FIG. 6 includes water uptake values of certain foams of the invention.

FIG. 7 includes rise time and cream time values for certain formulations of the invention.

FIG. 8 includes an exemplary schematic illustration of an in situ apposition assay used to evaluate formulations and foams of the invention.

FIG. 9 includes an exemplary photograph of a foam following testing in an in situ apposition assay.

FIG. 10 includes exemplary photographs of foams of the invention following testing in an vivo apposition assay.

FIG. 11 includes compression force values at 50% compression for certain foams of the invention.

FIG. 12A-C includes compression force values at 50% compression, intra-abdominal pressures, and peak airway pressures for certain foams of the invention evaluated in the in vivo apposition assay.

FIG. 13 includes fluid resistivity measurements for certain foams of the invention.

FIG. 14 includes fluid uptake and pore size values for certain foams of the invention.

FIG. 15 includes blood loss measurements for certain foams of the invention evaluated in the in vivo apposition assay.

FIG. 16 includes blood loss measurements plotted against net apposition scores for certain foams of the invention evaluated in the in vivo apposition assay.

FIG. 17 includes a photograph of a foam of the invention evaluated in the in vivo apposition assay having a projection.

FIG. 18 includes potential indications for foams of the invention according to various foam functionalities.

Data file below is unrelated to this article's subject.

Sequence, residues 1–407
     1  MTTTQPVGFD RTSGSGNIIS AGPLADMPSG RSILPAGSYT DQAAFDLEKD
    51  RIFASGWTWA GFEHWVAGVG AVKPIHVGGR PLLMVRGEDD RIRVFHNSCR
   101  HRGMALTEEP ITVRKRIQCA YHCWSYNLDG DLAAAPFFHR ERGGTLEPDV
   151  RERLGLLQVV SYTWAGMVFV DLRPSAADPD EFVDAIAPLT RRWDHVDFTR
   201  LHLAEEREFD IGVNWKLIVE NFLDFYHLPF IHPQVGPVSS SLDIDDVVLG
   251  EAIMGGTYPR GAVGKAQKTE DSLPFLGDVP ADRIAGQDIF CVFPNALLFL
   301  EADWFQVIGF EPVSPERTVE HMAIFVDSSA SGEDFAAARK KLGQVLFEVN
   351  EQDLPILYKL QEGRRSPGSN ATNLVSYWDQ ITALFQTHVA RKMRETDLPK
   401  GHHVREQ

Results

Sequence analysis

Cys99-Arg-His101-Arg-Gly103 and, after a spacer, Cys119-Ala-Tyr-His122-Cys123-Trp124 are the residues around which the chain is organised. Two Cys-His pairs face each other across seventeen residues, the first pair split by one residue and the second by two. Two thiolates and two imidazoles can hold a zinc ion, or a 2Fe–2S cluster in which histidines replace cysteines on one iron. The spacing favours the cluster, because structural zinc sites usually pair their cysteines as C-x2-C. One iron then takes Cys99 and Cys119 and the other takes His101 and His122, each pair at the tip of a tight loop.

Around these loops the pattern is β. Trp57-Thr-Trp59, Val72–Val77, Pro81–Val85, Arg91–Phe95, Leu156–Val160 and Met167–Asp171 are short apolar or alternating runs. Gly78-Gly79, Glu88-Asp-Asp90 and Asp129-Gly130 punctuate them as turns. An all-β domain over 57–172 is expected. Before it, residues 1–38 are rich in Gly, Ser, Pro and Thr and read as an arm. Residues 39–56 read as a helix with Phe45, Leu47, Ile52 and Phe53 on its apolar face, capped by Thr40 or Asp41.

DETAILED DESCRIPTION

Systems and methods related to polymer foams are generally described. Some embodiments relate to compositions and methods for the preparation of polymer foams, and methods for using the polymer foams. The polymer foams can be applied to a body cavity (including, but not limited to the abdominal, pelvic, and cardio thoracic cavities) and placed in contact with, for example, tissue, injured tissue, internal organs, etc. In some embodiments, the polymer foams can be formed within a body cavity (i.e., in situ foam formation). In addition, the foamed polymers may be capable of exerting a pressure on an internal surface of a body cavity and preventing or limiting movement of a bodily fluid (e.g., blood, etc.). Foams of the invention can be used to treat incompressible hemorrhage from wound sites that are unknown or unable to be visualized within potentially tortuous body cavities. Certain compositions of the invention can be deposited within a body cavity and reacted to form polymer foams within or proximal to a wound site, which foams may apply pressure to or limit fluid flow from the wound site. Alternatively, compositions of the invention can be deposited distal from a wound site to create a foam that expands in volume to fill a body cavity, achieving close apposition to a wound and thereby applying pressure thereto or limiting the flow of fluids therefrom.

The polymer foams may possess attributes that make them particularly suitable for use within the body. For example, in some embodiments, the polymers used to form the foams described herein may be biocompatible. The polymers may also be biodegradable in some cases. In some instances, the polymers may be sufficiently elastic to allow for body movement while being sufficiently stiff to support body tissues. In some embodiments, the composition of the polymer may be adjusted so that it wets tissues effectively. Furthermore, pendant groups may be attached that allow for the targeted adhesion of polymer to tissues or injured tissues. Functionalization of the polymer used to form the foam may also lead to covalent bonding of the foam to a surface inside the body cavity, which may aid, for example, in preventing dislocation of the foam within the cavity.